“These experiences allowed me to move beyond theories, books, and research and truly witness firsthand and engage with women who were living the narratives and stories that I’d always written about,” Izevbigie said.

Her current work as a Gender-Based Violence Specialist and Program Manager for the Safety Lab, a social innovation agency tackling violence in South Africa encapsulates both her interests and research skills gained  at SFS, and draws on her drive to help African nations emerge from conflict.

Safety Lab helps provide "viable, fun alternatives" for youth in Gugulethu, or Gugs, with a poetry, comedy and hip-hop open mic night

Safety Lab helps provide “viable, fun alternatives” for youth in Gugulethu, or Gugs, with a poetry, comedy and hip-hop open mic night.

The Safety Lab helps provide “viable, fun alternatives” for youth in Gugulethu, a predominantly black township, through a poetry, comedy, and hip-hop open mic night.

“The gender-based violence portfolio currently consists of an investigative deep-dive into the nature, frequency, and forms of gender-based violence in Cape Town, assessing the impact of programmatic interventions currently on the ground and analyzing the macro-systemic roadblocks, which are doing more harm than good to solve the problem. This research will feed into a gender-based violence intervention, which I am responsible for designing and piloting.”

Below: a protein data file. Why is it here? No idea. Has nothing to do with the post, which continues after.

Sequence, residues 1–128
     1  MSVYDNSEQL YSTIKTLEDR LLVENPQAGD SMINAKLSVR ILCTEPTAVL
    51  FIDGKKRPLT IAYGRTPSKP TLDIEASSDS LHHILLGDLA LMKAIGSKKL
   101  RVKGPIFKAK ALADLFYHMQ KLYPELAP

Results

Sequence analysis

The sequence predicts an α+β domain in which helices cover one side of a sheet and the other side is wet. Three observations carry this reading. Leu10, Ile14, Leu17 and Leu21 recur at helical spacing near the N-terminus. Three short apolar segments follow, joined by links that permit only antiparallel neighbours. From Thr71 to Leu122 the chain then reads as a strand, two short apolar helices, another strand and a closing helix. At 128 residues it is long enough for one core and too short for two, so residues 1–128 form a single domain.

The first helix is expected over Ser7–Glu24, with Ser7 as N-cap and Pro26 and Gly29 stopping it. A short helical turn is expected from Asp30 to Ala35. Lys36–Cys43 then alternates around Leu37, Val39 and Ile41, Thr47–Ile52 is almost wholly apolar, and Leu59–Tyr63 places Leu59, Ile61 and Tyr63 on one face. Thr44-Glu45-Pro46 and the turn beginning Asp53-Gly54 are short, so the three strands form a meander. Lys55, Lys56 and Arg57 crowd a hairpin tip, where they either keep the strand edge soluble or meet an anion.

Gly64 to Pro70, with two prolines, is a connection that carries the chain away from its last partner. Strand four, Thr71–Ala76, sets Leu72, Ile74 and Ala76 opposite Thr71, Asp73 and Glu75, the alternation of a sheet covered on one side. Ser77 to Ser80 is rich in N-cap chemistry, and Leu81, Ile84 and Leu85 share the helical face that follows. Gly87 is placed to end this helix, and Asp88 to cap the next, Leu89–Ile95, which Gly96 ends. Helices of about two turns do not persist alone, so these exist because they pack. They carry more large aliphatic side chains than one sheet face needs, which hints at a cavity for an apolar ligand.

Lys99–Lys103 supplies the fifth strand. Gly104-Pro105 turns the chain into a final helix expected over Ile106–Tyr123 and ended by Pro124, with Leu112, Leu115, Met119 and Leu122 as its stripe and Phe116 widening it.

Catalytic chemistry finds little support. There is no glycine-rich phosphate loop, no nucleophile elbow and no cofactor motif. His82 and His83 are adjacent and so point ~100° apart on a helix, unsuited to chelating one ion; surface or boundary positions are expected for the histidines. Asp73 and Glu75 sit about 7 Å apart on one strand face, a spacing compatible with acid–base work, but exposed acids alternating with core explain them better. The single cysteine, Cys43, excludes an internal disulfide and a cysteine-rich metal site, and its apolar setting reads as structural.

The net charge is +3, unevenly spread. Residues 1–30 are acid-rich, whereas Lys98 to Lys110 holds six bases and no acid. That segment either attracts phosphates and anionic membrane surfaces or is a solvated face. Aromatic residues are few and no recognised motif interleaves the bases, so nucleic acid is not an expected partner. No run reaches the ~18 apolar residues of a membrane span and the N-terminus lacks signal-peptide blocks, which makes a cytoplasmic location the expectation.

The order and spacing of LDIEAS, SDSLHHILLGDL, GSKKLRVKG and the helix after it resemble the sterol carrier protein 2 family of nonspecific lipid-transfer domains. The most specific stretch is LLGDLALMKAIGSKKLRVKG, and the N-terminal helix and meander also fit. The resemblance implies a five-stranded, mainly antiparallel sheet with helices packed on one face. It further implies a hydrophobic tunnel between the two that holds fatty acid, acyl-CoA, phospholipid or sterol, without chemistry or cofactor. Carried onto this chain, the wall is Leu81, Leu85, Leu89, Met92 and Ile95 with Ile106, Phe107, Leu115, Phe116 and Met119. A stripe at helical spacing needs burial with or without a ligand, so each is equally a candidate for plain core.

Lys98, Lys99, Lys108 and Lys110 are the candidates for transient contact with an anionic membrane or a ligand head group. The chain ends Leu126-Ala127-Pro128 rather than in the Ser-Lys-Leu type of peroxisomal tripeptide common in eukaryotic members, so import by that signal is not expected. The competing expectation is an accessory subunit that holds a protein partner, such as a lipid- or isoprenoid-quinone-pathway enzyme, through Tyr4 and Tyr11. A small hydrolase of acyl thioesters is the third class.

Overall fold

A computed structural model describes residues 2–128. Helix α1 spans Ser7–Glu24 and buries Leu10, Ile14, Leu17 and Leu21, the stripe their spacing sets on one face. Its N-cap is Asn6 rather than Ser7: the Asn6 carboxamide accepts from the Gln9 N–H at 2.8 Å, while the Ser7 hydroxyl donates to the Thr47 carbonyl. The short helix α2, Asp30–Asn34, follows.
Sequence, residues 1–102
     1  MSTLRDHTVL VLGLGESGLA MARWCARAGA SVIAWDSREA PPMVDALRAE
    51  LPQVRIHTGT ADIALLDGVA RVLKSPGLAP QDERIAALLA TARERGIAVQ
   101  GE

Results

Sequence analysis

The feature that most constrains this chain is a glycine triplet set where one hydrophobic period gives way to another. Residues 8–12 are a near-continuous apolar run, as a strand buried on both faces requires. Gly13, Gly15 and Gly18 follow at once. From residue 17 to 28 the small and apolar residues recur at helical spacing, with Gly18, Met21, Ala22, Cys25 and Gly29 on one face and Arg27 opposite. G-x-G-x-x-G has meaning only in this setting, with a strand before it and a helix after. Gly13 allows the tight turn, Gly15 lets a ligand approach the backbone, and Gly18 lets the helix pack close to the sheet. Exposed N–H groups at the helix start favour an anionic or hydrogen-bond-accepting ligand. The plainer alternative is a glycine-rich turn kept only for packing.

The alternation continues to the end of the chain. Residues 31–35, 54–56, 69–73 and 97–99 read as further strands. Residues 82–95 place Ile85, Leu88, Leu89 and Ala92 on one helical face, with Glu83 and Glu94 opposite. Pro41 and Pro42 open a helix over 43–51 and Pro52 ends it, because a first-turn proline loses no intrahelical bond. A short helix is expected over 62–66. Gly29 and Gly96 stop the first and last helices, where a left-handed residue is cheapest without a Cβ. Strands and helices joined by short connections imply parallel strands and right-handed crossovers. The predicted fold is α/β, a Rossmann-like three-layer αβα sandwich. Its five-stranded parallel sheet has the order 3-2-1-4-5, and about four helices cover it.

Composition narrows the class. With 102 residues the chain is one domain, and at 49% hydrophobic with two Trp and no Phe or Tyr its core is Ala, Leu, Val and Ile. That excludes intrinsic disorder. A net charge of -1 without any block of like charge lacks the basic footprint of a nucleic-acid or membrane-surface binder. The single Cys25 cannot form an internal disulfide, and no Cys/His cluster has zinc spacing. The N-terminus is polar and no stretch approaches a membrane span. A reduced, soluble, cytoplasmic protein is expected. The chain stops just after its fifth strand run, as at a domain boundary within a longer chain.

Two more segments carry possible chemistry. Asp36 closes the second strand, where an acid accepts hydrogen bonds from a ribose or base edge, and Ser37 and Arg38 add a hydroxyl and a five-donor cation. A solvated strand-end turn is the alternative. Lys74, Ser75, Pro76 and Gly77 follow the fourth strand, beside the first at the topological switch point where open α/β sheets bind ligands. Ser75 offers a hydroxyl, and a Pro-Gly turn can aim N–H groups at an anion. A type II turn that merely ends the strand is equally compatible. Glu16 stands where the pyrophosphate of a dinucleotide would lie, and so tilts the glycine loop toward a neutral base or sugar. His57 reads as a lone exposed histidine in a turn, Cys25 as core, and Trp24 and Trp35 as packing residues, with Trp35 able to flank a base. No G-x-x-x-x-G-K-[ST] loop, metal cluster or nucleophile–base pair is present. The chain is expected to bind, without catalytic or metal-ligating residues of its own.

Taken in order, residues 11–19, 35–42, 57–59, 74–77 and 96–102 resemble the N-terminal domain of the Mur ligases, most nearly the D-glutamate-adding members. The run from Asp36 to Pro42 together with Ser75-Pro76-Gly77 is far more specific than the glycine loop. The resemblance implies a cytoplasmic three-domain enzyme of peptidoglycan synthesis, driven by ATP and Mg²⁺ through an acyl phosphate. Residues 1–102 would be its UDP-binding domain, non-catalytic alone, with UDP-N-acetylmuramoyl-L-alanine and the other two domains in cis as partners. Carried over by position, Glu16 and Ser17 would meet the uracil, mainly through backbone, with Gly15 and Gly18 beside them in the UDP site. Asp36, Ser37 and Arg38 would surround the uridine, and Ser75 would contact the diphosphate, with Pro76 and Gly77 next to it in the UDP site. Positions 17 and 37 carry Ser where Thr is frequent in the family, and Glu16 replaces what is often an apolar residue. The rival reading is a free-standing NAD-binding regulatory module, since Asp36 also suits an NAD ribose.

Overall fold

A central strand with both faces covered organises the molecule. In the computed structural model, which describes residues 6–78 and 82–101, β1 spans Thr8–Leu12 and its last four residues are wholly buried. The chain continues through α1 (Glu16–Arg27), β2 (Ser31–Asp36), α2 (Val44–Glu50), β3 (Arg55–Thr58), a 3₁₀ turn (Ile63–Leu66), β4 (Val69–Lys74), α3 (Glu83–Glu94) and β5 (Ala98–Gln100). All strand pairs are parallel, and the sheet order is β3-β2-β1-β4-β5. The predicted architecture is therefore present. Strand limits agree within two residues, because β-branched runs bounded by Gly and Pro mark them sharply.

In the long term, Izevbigie hopes to see her career eventually bring her back to Georgetown.

“The one hope I do have for myself is to one-day return to Georgetown as a professor in the African Studies Program. That department is at the root of where I am today and I would love to be in a position to give back to students what was given to me during my time at Georgetown.”

While acknowledging the value of her educational experience, Izevbigie also noted important areas where she felt the institution needed to change.

“The greatest support I received was from the other minority, students of color within the SFS cohort. With such a small number, their support was really helpful in getting through difficult classes and it was reassuring to see students, like myself pursuing similar international interests,” she said. “As a black female, the representation of others like myself was strikingly low, however the space that we created within the SFS was one of support, strength, and encouragement.”

Izevbigie hopes to see the SFS diversify the composition of its student body as it rounds out its first 100 years of existence.

“I would strongly urge for the SFS to increase their call for diversity. As a student of color, I was very much aware of the fact that there was a limited representation of others like me in the SFS,” she said. “I believe there needs to be greater awareness of this gap and a recognizable desire to close the gap through initiatives that targets the minority population.”

For her future, Izevbigie hopes to continue to produce research in her field, working closer to the goals she discovered before and during her time at the School of Foreign Service.

“What makes me most proud of my work is that this is the first time in my life where I wake up every day knowing that I am doing meaningful work that is going to have a direct impact on a community that I care about.”